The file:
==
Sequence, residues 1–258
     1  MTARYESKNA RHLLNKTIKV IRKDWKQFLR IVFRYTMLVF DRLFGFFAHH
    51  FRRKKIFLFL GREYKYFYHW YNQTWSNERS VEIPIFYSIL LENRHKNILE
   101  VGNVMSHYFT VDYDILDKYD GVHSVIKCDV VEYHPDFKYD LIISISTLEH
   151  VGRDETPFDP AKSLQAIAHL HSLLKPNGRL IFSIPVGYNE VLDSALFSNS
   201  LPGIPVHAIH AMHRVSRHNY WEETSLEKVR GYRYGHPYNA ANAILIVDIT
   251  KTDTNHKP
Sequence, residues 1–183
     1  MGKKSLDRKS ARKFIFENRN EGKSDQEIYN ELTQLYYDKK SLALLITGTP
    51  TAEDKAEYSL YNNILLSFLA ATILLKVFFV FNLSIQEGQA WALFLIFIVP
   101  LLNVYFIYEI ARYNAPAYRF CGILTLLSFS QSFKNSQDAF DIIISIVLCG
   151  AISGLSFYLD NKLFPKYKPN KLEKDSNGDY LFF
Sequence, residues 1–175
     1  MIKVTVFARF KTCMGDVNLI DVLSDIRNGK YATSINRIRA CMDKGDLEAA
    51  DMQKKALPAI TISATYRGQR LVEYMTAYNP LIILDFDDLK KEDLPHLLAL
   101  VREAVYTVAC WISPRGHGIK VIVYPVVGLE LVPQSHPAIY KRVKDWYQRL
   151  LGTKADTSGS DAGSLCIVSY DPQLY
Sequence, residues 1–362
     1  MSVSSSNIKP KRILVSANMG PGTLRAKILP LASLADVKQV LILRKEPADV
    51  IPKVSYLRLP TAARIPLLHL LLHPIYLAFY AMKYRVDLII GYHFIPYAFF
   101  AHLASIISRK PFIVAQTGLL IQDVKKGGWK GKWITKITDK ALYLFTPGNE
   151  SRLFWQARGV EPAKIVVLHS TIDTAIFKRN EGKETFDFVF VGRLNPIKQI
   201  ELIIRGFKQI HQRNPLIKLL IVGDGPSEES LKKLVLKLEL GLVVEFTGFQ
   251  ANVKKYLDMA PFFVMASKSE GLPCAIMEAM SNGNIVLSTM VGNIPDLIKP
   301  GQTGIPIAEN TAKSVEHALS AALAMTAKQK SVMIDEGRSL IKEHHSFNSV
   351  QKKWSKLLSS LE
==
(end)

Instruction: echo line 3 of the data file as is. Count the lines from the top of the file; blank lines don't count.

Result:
    51  FRRKKIFLFL GREYKYFYHW YNQTWSNERS VEIPIFYSIL LENRHKNILE